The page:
Introducing: Spatial Audio File

Sound & Vision has long been an advocate for surround sound music. Back in the SACD and DVD-Audio disc heyday, we regularly reviewed multichannel music releases in those formats, and when they eventually ground to a halt, we moved on to music-only Blu-ray audio discs and then Deluxe Edition box sets. The latter now serves as the most common outlet for surround music on disc, typically presented on Blu-ray in the immersive Dolby Atmos sound format.

But beautiful though they are, Deluxe Edition box sets are not the optimal way to spread the word about Atmos music. Fans of the format have been able to access Atmos tracks on the Tidal and Amazon Music services for some years now, but the offerings there have been relatively scarce, as well as difficult to dig up. When Apple Music launched its Spatial Audio offerings back in May 2021, we were excited both by the commitment the company was showing to Atmos music by making it widely available, and by the breadth and quality of its Spatial Audio library, which sees new titles added across a range of genres including rock, pop, rap, jazz, and classical on a weekly basis. With Spatial Audio, Apple is clearly on a mission to take Atmos music acceptance to the next level.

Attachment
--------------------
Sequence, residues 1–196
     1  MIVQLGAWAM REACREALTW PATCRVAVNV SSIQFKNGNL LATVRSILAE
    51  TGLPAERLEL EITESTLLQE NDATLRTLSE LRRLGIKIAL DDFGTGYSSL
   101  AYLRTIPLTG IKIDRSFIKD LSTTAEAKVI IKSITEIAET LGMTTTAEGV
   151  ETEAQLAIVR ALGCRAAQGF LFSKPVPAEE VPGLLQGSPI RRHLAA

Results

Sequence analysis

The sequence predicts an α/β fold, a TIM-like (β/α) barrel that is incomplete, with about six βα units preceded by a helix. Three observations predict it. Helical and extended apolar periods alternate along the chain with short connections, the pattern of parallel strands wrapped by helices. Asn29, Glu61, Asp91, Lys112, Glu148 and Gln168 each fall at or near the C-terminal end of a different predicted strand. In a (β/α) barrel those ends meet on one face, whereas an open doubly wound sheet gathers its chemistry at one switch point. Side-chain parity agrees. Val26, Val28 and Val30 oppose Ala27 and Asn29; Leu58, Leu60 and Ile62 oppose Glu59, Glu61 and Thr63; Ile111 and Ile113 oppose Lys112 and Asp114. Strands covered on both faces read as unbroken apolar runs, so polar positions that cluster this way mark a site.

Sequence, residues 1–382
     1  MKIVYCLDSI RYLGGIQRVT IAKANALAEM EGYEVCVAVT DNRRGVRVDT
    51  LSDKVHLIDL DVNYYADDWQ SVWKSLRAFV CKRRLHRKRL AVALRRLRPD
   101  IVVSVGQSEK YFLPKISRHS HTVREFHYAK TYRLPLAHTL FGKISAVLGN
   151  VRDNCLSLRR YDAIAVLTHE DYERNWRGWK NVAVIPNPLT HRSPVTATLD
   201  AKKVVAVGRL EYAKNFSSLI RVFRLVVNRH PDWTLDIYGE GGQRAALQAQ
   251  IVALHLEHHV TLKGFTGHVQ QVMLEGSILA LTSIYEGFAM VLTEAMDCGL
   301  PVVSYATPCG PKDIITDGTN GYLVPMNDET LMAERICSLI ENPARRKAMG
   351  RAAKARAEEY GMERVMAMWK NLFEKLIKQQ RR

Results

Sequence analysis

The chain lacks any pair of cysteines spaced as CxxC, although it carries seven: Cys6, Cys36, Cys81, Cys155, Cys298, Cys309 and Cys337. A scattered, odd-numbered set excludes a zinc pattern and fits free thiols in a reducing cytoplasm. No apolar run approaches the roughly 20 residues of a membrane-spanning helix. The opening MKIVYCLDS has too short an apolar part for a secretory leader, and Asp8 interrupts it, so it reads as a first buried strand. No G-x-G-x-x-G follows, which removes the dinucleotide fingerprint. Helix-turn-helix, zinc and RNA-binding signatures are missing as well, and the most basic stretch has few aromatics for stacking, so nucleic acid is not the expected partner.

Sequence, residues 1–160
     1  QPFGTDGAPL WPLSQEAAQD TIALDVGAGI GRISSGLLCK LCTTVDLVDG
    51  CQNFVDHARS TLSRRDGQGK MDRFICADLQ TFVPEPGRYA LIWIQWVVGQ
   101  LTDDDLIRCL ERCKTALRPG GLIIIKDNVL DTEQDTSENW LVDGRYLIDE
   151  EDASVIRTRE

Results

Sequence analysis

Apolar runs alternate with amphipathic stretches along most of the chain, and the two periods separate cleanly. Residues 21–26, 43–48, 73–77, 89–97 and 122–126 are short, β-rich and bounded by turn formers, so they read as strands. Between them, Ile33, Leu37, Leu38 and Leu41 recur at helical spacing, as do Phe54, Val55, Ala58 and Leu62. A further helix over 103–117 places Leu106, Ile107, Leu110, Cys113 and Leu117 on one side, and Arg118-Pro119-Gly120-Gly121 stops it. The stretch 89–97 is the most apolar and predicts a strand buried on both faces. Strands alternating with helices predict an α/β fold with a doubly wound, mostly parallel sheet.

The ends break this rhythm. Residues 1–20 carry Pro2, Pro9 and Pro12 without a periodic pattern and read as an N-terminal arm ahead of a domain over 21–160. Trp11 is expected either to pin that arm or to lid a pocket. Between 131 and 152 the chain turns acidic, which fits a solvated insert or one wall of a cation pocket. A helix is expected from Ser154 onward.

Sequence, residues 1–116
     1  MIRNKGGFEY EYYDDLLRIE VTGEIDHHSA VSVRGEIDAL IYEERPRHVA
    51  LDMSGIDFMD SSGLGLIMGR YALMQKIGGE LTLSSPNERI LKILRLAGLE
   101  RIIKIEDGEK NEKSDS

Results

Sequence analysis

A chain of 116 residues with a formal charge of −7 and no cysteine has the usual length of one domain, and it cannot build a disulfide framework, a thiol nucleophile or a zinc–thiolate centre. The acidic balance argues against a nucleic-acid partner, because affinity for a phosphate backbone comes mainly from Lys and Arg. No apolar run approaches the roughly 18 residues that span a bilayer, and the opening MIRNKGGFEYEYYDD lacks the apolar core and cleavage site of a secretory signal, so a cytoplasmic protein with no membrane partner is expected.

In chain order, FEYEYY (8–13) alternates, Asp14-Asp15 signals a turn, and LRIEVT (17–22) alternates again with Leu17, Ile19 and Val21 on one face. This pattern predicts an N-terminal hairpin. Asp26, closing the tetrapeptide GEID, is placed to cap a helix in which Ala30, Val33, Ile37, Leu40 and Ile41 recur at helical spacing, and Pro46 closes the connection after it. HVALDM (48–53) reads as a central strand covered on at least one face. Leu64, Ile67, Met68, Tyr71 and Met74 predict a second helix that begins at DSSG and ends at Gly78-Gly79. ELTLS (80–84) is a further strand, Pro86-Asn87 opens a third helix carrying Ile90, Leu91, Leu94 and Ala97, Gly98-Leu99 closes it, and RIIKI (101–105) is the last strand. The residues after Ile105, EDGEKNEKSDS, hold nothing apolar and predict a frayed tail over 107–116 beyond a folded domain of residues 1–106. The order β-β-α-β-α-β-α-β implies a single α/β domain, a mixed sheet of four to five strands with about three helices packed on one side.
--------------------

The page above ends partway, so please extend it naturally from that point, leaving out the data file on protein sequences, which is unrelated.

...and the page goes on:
Written by S&V’s music editor Mike Mettler, our new Spatial Audio File column—which debuts on February 4, and will then post every Friday thereafter—will review select Apple Music Spatial Audio releases. We’ll be vetting albums and tracks on our home systems (and headphones) on a weekly basis and will let you know which ones deliver the best in immersive audio magic so you can experience it yourself.

How do you experience Apple Music Spatial Audio? First, you’ll need an Apple Music subscription, which runs $9.99 for an individual and $14.99 for a family sub that gives unlimited access to up to six listeners. (New subscribers get a 3-month free triaI, while owners of specific AirPod, HomePod, and Beats models get 6 months free.) If listening with headphones, you’ll need an iPhone or iPad (running iOS 14.6 or later) or Mac computer (running macOS 11.4 or later). Recent-model Apple AirPods and Beats headphones that feature an H1 or W1 chip play tracks in Spatial Audio automatically. When using headphones from other manufacturers, you’ll need to configure the Apple Music app’s Dolby Atmos Audio settings as “Always On.” (An Android phone can also be used for Spatial Audio playback—if it features Dolby Atmos support.) And for on-the-go listening, albums and tracks can also be downloaded in Atmos format from Apple Music to an iPhone or iPad.

Want to hear Spatial Audio on your home theater system? You’ll need to use Apple’s own $179 Apple TV 4K streaming box. (Smart TVs and other streaming devices like Roku currently don't support Spatial Audio on the Apple Music app, and it can't be streamed wirelessly to external hardware via AirPlay.) Owners of Apple’s HomePod speakers can also play music in Atmos by configuring the Apple Music settings in the Home app.

Click here for the Spatial Audio with Dolby Atmos in Apple Music support page.

Further reading:

Apple Music: Spatial Audio Relations